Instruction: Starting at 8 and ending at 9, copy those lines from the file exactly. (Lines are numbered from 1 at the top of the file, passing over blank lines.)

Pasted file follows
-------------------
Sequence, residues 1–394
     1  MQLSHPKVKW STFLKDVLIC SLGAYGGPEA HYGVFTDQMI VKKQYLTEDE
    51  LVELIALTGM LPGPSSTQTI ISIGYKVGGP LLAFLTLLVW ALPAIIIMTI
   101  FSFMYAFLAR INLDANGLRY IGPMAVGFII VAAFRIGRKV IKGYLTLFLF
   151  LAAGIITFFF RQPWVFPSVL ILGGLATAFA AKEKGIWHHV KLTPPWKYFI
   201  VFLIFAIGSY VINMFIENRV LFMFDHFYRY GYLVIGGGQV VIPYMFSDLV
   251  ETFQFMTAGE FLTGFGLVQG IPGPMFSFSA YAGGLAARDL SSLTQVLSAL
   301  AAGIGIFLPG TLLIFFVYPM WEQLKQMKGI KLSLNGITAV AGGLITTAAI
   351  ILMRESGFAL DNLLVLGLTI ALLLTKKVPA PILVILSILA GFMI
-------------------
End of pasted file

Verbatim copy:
   301  AAGIGIFLPG TLLIFFVYPM WEQLKQMKGI KLSLNGITAV AGGLITTAAI
   351  ILMRESGFAL DNLLVLGLTI ALLLTKKVPA PILVILSILA GFMI